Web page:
Customer Review

19 of 20 people found the following review helpful
4.0 out of 5 stars A good traditional reading, 27 Sept. 2010
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This review is from: Handel: Messiah (Audio CD)
I bought this because it was cheap. Overall, I got what I paid for.

I confess I like the more recent, smaller ensemble versions of "Messiah", my particular favourite being the Pinnock/English Concert version. For an older recording, I've always liked the Mackerras/ECO recording, which was a sort of half-way house (modern instruments, but smaller ensemble and counter-tenor (memorably Paul Esswood)) between Pinnock and this recording .

Generally, this was very well played and sung. However, I found some of the tempi much too slow and elephantine (such as that of the opening Overture), but this was the traditional approach. The soloists are generally very good, handling the Handel repeating "Sha-hay-hay-hay-hay-hay-hay" enunciations well, without slurring them into a continuous moan, as can happen. The "Rejoice greatly" is the 4/4 version, and is, I think, the best of that version I've heard. The orchestra is first-class.

This is not a version to which I would return often, but it is high up in the second division, and a perfect recommendation for those who prefer the traditional approach.
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Showing 1-2 of 2 posts in this discussion
Initial post: 21 Apr 2012 14:39:37 BDT
I have recommended your post BUT Handel did write it as a large scale piece. Late in the 18th C it was done with Cecil B de Mille forces. I like it that way and, for once, the Early Music people are wrong to insist on looking at it through the wrong end of a telescope. I once heard the Bach B minor Mass with ONE singer per part in the CHORUS. Try that in the Verdi or Berlioz Requiems. Both approaches have merits. Where i do part company is the use of original instruments. Fine for strings using gut and old bows but modern pianos, wind, brass & percussion instruments are vastly superior. Mozart could not wait to replace the basset horn with the clarinet. Berlioz would have killed for modern brass etc. and Beethoven would have committed murder for a modern Steinway.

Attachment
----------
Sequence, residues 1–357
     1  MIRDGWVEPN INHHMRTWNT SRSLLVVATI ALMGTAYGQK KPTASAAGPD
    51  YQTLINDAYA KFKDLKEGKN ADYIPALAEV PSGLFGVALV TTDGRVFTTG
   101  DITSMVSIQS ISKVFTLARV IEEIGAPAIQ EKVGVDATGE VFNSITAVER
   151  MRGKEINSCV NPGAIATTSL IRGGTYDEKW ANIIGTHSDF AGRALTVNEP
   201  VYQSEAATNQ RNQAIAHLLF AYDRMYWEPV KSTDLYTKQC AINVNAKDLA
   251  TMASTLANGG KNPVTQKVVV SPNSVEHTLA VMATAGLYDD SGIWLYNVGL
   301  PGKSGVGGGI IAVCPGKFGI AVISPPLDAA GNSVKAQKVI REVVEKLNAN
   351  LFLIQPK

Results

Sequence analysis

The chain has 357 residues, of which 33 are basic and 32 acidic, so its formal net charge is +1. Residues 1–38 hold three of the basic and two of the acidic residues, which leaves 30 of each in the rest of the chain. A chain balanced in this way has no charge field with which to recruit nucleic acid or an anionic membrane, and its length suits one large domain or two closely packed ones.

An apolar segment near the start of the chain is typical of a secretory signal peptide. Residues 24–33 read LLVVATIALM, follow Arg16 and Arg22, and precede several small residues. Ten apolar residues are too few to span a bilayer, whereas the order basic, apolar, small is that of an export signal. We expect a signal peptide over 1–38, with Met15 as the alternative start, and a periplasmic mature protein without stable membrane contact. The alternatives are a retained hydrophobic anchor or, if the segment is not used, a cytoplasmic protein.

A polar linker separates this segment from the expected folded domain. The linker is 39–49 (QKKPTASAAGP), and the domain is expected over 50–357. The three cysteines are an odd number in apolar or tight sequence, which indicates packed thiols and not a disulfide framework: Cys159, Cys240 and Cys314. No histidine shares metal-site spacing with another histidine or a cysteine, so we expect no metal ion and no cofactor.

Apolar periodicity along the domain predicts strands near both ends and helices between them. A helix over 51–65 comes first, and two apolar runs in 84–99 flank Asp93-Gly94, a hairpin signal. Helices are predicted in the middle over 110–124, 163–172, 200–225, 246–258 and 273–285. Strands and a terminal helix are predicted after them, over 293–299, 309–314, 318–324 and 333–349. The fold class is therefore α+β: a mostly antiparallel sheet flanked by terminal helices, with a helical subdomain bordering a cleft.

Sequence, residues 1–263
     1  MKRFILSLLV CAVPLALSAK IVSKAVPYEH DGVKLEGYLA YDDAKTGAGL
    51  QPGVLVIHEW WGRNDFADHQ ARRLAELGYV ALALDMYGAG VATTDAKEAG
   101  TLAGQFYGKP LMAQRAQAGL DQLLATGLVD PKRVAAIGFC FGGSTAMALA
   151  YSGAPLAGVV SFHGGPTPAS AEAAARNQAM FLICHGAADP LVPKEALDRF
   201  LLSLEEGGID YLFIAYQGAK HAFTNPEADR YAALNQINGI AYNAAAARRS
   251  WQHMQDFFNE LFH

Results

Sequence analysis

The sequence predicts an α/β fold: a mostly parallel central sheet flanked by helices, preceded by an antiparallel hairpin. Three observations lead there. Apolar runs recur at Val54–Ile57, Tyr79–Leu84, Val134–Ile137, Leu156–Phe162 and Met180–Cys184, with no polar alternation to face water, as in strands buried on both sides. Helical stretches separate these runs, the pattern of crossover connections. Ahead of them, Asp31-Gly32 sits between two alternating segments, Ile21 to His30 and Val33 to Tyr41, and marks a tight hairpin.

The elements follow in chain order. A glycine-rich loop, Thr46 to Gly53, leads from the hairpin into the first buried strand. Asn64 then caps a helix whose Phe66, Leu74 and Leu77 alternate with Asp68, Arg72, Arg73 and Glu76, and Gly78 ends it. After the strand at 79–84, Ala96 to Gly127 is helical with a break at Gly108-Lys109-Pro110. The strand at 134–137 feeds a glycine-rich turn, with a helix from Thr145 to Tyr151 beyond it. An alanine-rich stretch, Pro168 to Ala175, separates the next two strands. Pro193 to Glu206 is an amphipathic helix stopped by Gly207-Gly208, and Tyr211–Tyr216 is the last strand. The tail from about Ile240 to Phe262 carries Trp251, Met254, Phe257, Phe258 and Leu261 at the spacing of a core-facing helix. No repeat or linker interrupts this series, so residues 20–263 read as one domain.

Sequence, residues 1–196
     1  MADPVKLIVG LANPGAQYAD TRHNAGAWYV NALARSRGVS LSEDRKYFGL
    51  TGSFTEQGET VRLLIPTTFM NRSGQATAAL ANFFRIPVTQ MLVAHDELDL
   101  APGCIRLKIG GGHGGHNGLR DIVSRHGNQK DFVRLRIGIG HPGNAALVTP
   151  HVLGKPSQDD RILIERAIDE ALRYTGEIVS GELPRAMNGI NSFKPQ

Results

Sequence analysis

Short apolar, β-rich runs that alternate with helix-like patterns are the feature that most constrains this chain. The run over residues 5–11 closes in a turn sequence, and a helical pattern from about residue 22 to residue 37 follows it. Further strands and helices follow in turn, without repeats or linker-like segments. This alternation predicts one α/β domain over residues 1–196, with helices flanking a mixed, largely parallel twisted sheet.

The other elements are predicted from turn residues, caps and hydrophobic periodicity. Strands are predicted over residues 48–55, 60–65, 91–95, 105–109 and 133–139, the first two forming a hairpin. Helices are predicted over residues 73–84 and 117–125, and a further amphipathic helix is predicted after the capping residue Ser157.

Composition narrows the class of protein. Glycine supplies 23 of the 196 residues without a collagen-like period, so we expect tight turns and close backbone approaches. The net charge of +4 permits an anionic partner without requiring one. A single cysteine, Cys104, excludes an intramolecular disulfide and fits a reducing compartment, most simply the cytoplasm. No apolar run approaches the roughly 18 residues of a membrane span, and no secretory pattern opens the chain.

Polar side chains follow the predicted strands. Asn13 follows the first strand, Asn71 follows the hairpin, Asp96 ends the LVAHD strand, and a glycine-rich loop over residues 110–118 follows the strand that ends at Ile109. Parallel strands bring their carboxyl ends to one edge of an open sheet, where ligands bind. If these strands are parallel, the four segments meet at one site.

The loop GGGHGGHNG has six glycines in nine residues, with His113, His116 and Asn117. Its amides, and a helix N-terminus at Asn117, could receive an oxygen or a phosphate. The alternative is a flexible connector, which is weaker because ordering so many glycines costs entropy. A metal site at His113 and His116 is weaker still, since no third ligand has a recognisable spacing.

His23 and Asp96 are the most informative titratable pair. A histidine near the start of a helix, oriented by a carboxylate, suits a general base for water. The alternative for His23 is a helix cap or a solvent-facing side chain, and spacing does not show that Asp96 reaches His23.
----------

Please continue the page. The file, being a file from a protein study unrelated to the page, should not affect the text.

In reply to an earlier post on 24 May 2012 11:57:25 BDT
Last edited by the author on 24 May 2012 11:57:50 BDT
Teemacs says:
Thank you. I thought that Handel wrote it for a choir of about 25 - professional singers of course, a substantial corps of which existed back then and to which Handel had access. I am with you, I want a decent chorus - I don't care what is the scholarly justification for one voice per part, the big numbers cry out for the majesty you simply don't get in OVPP. However, one can go too far the other way and end up the the Huddersfield Choral Society-type renditions, and that, to me, is too much.

Interestingly, in the very first performance in Dublin, one of the singers was not really a singer at all - the actress Suzanne Cibber. Her voice was poor, but she sang "He was despisèd" with such feeling that someone in the audience shouted out, "Woman, thy sins are forgiven thee!"

I also don't place much importance on original instruments. I like Gardiner's approach - he liked the sound of the authentic instruments, therefore he went in that direction. He actually didn't care whether it was historical or not. Of course, had Handel and Valentine Snow had access to a modern trumpet, it would have been interesting to hear what "The trumpet shall sound" would have sounded like.
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Teemacs
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